The Perks of Being Adapted into a Film

Do you know what it takes to feel infinite? If you’ve ever read Stephen Chobsky’s coming of age novel, The Perks of Being A Wallflower, you might have an idea. Even though the book was published over a decade ago, it’s had a lasting legacy among alternative alienated teens for its honest unflinching depiction of youth.

Recently, there’s been rumors swirling around of a film adaptation starring Emma Watson as Sam, the apple of the narrator, Charlie’s, eye. Those can now be confirmed with the news that Summit Entertainment—the same studio responsible for those freaky vampire Mormons in Twilight—is interested in distributing the film. Prior, John Malkovich was producing the project independently and the film’s future was uncertain.

News of the project moving forward will either delight or worry die-hard fans of the book. The Perks of Being A Wallflower was deeply personal, tackling issues of rape, incest and homosexuality with a bravery that was uncommon and controversial for young-adult fiction. In fact, in 2009, Perks won the honor of being third on the American Library Association’s list of “most frequently challenged” books.  When any piece of literature, film or album  resonates with an outcasted faction of people, there is usually a sense of ownership that develops amongst its fans. They get protective and territorial over the work and fear that, by becoming bigger with a mainstream audience, it will lose its “specialness.” It’s an interesting reaction. Do fans of Ke$ha feel the same sense of possessiveness as fans of a band like Orange Juice do? Were fans of Eat, Pray, Love worried to see it turned into a film?

Granted, there’s been no vocal outrage yet, and the fact that the writer, Stephen Chbosky, has written and plans to direct the film, helps assuage any fears fans might have. I, for one, am very excited to see Perks on the big screen. As a vulnerable closeted teen, the book brought me much-needed comfort during the scary days of high school. I just hope they hire someone cute to play Patrick, Sam’s gay stepbrother.  He always seemed like a babe to me. TC mark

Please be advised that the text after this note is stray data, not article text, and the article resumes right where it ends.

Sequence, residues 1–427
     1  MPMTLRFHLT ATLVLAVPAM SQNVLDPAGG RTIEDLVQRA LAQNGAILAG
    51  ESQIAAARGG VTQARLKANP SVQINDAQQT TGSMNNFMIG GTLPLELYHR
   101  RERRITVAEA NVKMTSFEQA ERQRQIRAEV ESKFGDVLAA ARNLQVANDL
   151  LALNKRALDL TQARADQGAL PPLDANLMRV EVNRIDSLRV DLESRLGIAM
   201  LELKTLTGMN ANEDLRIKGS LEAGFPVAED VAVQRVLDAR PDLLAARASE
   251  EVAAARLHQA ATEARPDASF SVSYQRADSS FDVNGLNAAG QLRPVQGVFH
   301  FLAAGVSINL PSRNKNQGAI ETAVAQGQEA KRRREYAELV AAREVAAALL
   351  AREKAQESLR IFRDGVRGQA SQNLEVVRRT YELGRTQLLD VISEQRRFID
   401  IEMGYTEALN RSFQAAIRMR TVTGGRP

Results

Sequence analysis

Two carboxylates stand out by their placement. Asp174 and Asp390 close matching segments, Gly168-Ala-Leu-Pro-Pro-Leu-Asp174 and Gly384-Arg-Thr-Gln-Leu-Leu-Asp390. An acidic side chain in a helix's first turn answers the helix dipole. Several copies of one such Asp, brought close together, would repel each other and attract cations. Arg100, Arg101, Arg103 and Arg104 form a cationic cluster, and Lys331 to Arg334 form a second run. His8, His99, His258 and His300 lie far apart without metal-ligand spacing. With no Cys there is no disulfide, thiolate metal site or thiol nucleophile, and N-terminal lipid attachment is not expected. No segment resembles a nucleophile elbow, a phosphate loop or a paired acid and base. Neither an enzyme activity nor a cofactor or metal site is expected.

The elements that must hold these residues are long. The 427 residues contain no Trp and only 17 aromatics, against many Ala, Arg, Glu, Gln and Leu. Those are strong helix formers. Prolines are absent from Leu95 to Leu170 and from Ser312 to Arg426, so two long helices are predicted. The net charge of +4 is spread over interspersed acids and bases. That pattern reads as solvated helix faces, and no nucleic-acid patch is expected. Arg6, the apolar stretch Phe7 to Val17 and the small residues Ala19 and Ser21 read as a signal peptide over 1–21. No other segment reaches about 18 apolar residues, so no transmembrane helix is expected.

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Ryan O'Connell

I'm a brat.


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  • saramcgrath

    i thought the central conflict in that book was about finding appropriate music to have casual sex to

    incest rape what

    • Guest

      Charlie goes crazy because he was abused it's opaque but it's there

      • EM

        Opaque? You'd have to be fucking stupid or not have read the end of the book not to get it….

  • L Shap

    It's not just with marginalized groups, necessarily–look at the way nerdy Americans react when the US adapts British TV, or the way Comic Book People react to pretty much any comic book news. It's partially because whenever people like things that aren't mainstream popular, they become a member of a different “ingroup” called “people who are cool enough to agree with me on this thing,” because we're social creatures and need to feel like part of some sort of pack, and obviously our pack is “better” because we're in it. It extends to the atmosphere of online fandom–low-rated shows (which generally stay on the air because of they have critical acclaim or award nominations, so tha might be a mitigating factor) feel like awesome houseparties (i.e. Community), whereas the fans of hugely popular shows (Glee) feel like nightclubs, where there are way too many people and you can't hear anything but it's hypothetically still fun. (But then, there are those that prefer nightclubs IRL… and there are also people who watched Coupling on NBC and Desperate Housewives is still on the air…) Basically, this is what “hipster” means.

    More to the point I think this movie will not go _all_ that mainstream, so there will be those like you and I who will scoff at the n00bs and be like “I read this book in the 8th grade,” but those n00bs will push it on people all “Oh my god, you've never seen Perks? The book is pretty great too” and look down on their new friends the same way we do them.

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